With licensing halted, would-be broadcasters felt frustrated but found there was another way to get a channel. You could buy one. A commercial applicant sometimes found a discouraged nonproflt ready to give up, at a price, and then found that the Commerce Department was ready to bless a transfer-channel and all. This seemed at odds with the law, which gave a licensee the use, not the ownership, of a channel. So how could he sell the channel along with his equipment? However, the department took the view, as its spokesman explained to a Senate committee, that "the license ran to the apparatus." With this green light, a traffic in licenses quickly develop A commercial applicant found that it could petition the commission for the right to take over, "in the public interest," a channel in use by someone else, presumably in a less worthy manner. The commission would set a "comparative hearing," and the nonprofit would have to send a lawyer to Washington to defend its channel, perhaps losing in the process. Nonprofits grew increasingly wary. Meanwhile, their presence in the spectrum seemed to be resented. Without profit to anyone, they were sitting on channels that could earn someone a small fortune. Via purchase or pressure, many nonprofits were now to be edged off the dial. Much effort and money went into this.

The Federal Radio Commission was a body drawn largely from businessmen. Taking office in 1927, it found 712 stations on the air and decided that was too many. Ninety of them were operated by educators. The commission began a grand new shuffle, from which most educational stations emerged with part-time licenses, many confined to daytime hours, which were generally considered of lesser value for adult education. In dismay or disgust, eight educational stations left the air in 1927, twenty-three in 1928, thirteen in 1929. A few years later, only about two dozen hung on.

... the traffic in licenses, which made licensing incidental to buying and selling equipment, began during these years, with the result that regulators virtually handed control of the spectrum to private interests. This traffic-with occasional, gallant resistance by individual commissioners-has thrived ever since, bringing a constant escalation in prices, and excluding from the game all but the very well-to-do. This has made our industry's structure increasingly undemocratic, giving us such recent phenomena as the transfer of NBC, along with RCA and all their licenses, to General Electric. Thus, one of our major news sources became the property of a company selling military equipment, collaborating in the planning of Star Wars, and marketing nuclear plants at home and abroad. Every NBC newsman went onto a payroll controlled by GE, and was kept aware of it. From a standpoint of public policy, it is hard to think of a sorrier linkage.

In 1934, Senator Wagner of New York, who had similar feelings, proposed a measure by which all existing licenses would be voided to prepare for a new deal in the spectrum, in which a fourth of all assignments would go to nonprofits, and these would be equal in power to commercial stations. This measure escaped passage by a narrow margin, but the pressure helped to produce a kind of radio renaissance in the late 1930s. Broadcasters applying for license renewals were asked to list hours they had devoted to public services. This period gave us the famous CBS Workshop series, marked "not for sale" in CBS rate cards, and offering such works as MacLeish's Fall of the City. The period also gave us forums like America's Town Meeting of the Air, Edward R. Murrow's World News Roundups, Orson Welles and his Mercury Theater on the Air, and works of Norman Corwin, unofficial poet laureate of the war years-all introduced as nonprofit items. Radio's approval rating soared during these years.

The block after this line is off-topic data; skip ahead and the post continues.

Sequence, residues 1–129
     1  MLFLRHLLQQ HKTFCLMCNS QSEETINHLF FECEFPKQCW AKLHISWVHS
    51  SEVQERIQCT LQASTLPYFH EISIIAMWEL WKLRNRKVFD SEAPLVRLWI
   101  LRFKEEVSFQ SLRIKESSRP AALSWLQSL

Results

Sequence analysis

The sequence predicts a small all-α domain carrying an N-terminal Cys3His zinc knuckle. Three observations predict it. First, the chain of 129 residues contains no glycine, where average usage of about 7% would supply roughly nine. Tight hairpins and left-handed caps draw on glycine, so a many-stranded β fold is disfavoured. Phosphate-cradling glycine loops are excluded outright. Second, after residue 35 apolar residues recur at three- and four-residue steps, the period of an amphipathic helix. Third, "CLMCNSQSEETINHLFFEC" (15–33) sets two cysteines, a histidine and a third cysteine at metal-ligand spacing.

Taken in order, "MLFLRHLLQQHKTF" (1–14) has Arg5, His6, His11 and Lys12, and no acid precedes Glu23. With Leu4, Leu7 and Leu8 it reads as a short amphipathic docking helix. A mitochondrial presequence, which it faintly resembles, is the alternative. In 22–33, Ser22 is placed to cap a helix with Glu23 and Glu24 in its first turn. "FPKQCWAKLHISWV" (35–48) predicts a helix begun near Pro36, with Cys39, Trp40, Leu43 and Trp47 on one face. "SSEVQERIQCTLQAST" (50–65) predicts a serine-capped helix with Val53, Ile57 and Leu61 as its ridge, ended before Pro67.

In 1952, as television began its first great boom, the idea of reserved channels for education took hold. Congress legislated the needed channels, but not the necessary funds. So there was delay as educators tackled the fund-raising problem. Meanwhile commercial applicants ceaselessly pressured the FCC to release the channels for commercial use. Broadcasting magazine, backing them, warned: "One day the FCC must take another look at the Communications Act in relation to these socialistic reservations."

When the FCC ignored this advice, the magazine predicted that there would soon be a cleanout at the commission, beginning with a probe by Senator Joseph R. McCarthy of Wisconsin. The magazine considered the members of the FCC "stooges to the communists."

But perhaps the most dangerous triumph of advertising is its gradual takeover of our election procedures, the central process of democracy. Whenever I visit my native land, the Netherlands, my cousins and nephews like to ask me how we can endure such an undemocratic system. Most leading democracies forbid the sale of time for political appeals. In most, free television time is, by law, allotted to opposing parties on some statistical basis such as: the size of a party's membership, or its representation in a legislature, or votes in a previous election. There is no reason why our broadcasting systems, enriched from publicly owned channels, should not yield time for something of such "public" importance ...

TV has no agenda, except to be profitable. Toward that end, TV news is supportive of establishments ...

TV news doesn't serve the public interest. Corporate ownership of the networks and local stations is destroying the integrity of news ... The real crisis in television news today is about corporate control and the emerging corporate culture.

In a TV universe where every rating point represents close to a million dollars in advertising revenue every day, competition is intense. With network viewership declining precipitously-and that includes the evening news-survival depends on hanging onto viewers. That desperate objective produces ratings-driven news, designed to soothe and please more than to inform and challenge.